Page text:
How Old Should Your Child Be Before Taking an International Vacation?

Nov 29, 2018

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Do we have enough diapers? Bottles and formula? What about the Ergo baby carrier and top-of-the-line stroller? Can you gate check a car seat? Preparing for any trip with a baby or toddler can be complicated, but when it’s an international destination, there’s a whole other layer of issues: How long will it take to get a passport? How do you get a passport photo of an infant? Do we need visas? Will my baby’s vaccinations be up to date? If you’re traveling with a baby, it doesn’t hurt to have a helpful checklist to make the task easier.

(Photo courtesy of Shutterstock)
(Photo courtesy of Shutterstock)

Our Experience

My son was just 2-months-old when we took him to Antigua, a Caribbean island east of Puerto Rico. He was born in October and December seemed like the ideal time to escape winter in New York — plus I was keen to travel while off work for maternity leave. I spoke to his pediatrician and she gave the go-ahead since he had just gotten his 8-week vaccinations. The five-hour direct flight seemed manageable — in fact, I had chosen Antigua because there were direct flights from JFK at a fairly reasonable price. We had applied for his passport at the library near our house when he was a month old and it was delivered about two weeks later.

When the time came, the trip went smoothly: He slept during most of the flight, as infants often do, our hotel was thrilled to have a new baby as a guest and our rental car only got stuck in the mud once (and was pushed out quickly thanks to a friendly local). Some things were actually easier because he was so young: We didn’t have to worry about food since he was still breastfeeding; he didn’t care about going in the ocean or playing in the sand in the hot sun; and we even went on a hike with him in the carrier.

mom and baby on beach
You’re never too young for a beach vacation. (Photo by PublicDomainPictures / Pixabay)

We also soon realized that it made sense to take as many trips as possible before he turned 2-years-old — the magical age when airlines require you to buy your child his or her own seat. Before 2, children can travel as a lap infant for free on domestic flights and often for just 10% on most international flights (depending on the carrier). We managed to get in 26 flights, six of which were international, before we had to really start paying for his seat — totally worth it!

Considerations for International Trips With Infants

Traveling internationally with kids — especially infants — can often seem intimidating but, in reality, it’s totally doable for a lot of people. There’s no exact age that is ideal for going abroad and there are pros and cons to going early or waiting. A few things to consider are how active or calm your child is, how adaptable to change, sleeping habits (and whether jet lag will cause a significant issue — for them and you) and if he or she has had necessary vaccinations yet.

In the TPG Family Facebook Group, many parents suggested waiting for the 8-week round of vaccinations (although one parent claimed you can get 8-week vaccinations at 6 weeks) as well as avoiding countries with vaccines needed that your child can’t get yet. Some also recommended not traveling during flu season.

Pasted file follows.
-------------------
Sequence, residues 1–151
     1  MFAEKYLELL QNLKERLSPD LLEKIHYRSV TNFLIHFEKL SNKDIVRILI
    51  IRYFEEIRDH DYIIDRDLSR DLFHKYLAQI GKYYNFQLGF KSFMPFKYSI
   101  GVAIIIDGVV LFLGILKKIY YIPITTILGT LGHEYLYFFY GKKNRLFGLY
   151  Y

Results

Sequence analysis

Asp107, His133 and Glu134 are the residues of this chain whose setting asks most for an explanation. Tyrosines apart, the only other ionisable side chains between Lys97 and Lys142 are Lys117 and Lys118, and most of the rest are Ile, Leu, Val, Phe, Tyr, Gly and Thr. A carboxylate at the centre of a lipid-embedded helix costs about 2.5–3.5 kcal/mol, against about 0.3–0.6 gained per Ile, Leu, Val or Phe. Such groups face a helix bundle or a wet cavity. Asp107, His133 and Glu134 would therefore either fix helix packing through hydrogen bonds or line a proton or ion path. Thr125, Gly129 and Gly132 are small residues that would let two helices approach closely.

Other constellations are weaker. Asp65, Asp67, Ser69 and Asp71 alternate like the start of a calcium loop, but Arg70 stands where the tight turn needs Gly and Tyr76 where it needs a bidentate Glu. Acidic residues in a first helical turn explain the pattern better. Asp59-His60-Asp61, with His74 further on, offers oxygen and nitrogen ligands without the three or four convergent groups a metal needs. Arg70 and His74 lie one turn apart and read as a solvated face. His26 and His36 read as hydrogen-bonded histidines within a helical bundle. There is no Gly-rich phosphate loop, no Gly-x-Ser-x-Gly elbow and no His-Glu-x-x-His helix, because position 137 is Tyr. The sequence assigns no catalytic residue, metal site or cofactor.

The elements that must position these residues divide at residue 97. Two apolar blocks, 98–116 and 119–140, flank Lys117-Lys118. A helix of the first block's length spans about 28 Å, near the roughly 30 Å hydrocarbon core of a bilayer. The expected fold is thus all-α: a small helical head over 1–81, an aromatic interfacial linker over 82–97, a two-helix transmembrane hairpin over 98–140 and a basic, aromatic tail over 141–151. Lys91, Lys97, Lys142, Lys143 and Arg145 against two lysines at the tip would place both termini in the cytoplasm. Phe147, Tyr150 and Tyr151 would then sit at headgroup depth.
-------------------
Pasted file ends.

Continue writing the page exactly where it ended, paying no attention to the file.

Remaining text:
But some felt you should wait longer. One parent named Danielle said, “My kid doesn’t have enough vaccines to make me comfortable putting him/her in large public gathering areas until 6 months. The germ level in an airport and flying tin can skeeves me out,” she added. It is true that measles exposures and such can and do happen on airplanes. Another parent waited until her child was 18-months-old so she wouldn’t have to worry about needing to buy bottled water for mixing formula. “We went to Brazil, and I just wanted to be able to take diapers, wipes and Goldfish!” said Nina.

mom and baby at airport
(Photo by Orbon Alija / Getty Images)

Many other parents encourage travel at as young as possible — it’s often as they reach toddler age that travel gets harder. “Babies are awesome travel companions. You just stick them in an Ergo and get on with life,” said Ainslie, who took her kids to Australia and Japan at 5 months old. Jean-Francois, a parent who took his son to Paris at 3 months old, agreed, adding, “At that age, all they do is sleep.” One parent said they traveled abroad with their 3-week-old child, the earliest age mentioned in the group. Mommy Points first took her second daughter out of the country, to Mexico, at about 2-months-old (and found it to be worth the effort).

For people who love to travel, it’s never too early to start exposing a child to their world — the younger the better, assuming your little one is medically cleared for travel. Evelyn, who has two children, concurs, saying, “The sooner you start their journey to be a little citizen of the world, the better!” And dad Brett shared that his family traveled to 12 countries in his son’s first 12 months.

Bottom Line

Every child is different and only you can know if they (and you) are ready. And of course destination is a factor: flying to say, The Bahamas, versus a place like Rwanda that requires multiple vaccinations including yellow fever, typhoid and hepatitis A and B, is a very different challenge. So while you may take a 2-month-old to one place, it might make sense to wait until your child is older for another. And, of course, make sure your child is healthy enough to travel no matter what his or her age. Checking with your pediatrician is a good place to start.

In the end, you know what makes sense for you and your family. Just remember, age ain’t nothing but a number, so if it feels right, go for it!

Featured photo by RyanJLane / Getty Images

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